What Hot Tub Time Machine truly lacks is character and this is evident most with Nick. Nick is married and, admittedly, his wife rules his life in the future. As this movie lurches toward a conclusion, I’m figuring that he’ll use the experience to tell her off back in the future when they make it back, but it doesn’t matter. In 1986, it takes minimal coercion to get him to be unfaithful to his wife and it makes it hard to care what might happen to him, though there is absolutely no sense of menace or consequence in the film.
None of the characters are particularly empathetic and Chevy Chase’s cameos as the repairman is stiflingly unfunny, leaving those who might hope his career would rebound with this shaking their heads. But what strikes me the most as this goes on (it’s a short film and it’s winding up now) is that it is entirely familiar. To wit, Craig Robinson, who plays Nick, is essentially playing the character he played in Zack And Miri Make A Porno. This does not make his performance, which has had limited laughs after over an hour of the movie, great acting or even reasonable comedy. Instead, it means he was well cast and the problem for me is I haven’t laughed at his lines because he is delivering them with the same sense of person that I’ve seen from him time and again. Those who like Robinson’s works are going to feel cheated; this might as well be an extension of Zack And Miri Make A Porno for him or even a particularly foul episode of The Office as far as his acting is concerned.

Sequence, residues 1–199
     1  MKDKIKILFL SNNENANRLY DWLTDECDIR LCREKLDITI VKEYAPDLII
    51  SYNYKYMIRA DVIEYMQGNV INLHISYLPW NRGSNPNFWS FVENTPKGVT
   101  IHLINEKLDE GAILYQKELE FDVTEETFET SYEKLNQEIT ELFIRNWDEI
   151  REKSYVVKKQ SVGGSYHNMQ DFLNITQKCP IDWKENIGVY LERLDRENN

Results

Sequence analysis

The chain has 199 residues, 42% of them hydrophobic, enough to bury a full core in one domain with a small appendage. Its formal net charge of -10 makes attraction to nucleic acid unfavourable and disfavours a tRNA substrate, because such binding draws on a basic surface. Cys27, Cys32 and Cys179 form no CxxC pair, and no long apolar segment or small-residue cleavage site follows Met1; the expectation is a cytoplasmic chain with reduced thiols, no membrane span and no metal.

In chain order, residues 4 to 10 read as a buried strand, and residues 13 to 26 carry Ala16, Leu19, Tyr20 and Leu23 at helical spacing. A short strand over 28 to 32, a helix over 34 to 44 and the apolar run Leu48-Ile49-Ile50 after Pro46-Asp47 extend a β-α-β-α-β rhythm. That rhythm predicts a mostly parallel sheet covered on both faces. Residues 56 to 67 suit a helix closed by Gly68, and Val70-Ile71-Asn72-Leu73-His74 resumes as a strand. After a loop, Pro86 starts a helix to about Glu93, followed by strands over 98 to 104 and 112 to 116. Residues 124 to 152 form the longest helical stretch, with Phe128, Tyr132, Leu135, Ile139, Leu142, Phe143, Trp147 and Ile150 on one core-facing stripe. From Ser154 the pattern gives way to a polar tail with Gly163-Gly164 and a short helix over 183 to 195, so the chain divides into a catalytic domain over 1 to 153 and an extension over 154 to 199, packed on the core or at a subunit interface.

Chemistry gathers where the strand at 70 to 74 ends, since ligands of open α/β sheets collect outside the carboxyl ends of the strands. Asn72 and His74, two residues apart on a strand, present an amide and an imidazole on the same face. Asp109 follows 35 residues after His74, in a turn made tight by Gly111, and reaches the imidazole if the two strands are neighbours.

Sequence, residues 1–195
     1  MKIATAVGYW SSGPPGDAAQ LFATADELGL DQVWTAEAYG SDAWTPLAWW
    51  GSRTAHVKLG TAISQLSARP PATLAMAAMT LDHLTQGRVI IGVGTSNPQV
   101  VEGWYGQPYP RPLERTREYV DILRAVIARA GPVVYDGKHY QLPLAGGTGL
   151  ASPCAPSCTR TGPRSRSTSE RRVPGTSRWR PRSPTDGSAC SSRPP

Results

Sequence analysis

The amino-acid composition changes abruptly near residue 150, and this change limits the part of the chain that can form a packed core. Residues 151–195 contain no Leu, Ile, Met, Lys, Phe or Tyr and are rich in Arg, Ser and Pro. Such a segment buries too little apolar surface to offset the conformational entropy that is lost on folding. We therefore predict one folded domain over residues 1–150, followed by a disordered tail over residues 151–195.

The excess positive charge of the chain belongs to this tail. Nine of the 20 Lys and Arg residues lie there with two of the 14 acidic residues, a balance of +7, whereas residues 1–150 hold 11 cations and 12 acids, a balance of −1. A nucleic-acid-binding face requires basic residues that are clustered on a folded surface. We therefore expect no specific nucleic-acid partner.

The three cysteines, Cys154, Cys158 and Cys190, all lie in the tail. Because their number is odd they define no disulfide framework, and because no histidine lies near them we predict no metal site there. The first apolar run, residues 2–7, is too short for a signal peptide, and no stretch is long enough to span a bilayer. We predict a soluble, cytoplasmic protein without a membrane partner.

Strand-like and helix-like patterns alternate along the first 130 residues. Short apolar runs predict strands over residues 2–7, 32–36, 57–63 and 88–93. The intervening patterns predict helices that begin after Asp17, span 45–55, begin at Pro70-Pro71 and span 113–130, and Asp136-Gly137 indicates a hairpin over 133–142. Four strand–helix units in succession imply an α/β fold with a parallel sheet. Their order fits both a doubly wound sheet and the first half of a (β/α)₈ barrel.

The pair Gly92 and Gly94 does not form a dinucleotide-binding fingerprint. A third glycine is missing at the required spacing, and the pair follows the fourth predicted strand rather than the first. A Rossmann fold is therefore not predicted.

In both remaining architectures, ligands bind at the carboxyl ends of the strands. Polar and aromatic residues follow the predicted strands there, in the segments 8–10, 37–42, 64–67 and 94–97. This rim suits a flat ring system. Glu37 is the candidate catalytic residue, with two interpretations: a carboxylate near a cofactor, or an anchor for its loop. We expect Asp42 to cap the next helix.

On a similar note, I had only seen Clark Duke in Sex Drive and after more than a year since I saw that movie, he hasn’t shown me anything I haven’t seen from him before either. Even Rob Corddry, whose work on Family Guy and The Winner was funny and clever, is falling flat as Lou. Only John Cusak managed to get a smile from me and that’s because his usual good-guy character actually seemed very un-Cusak like when he went on a profanity-ridden rant.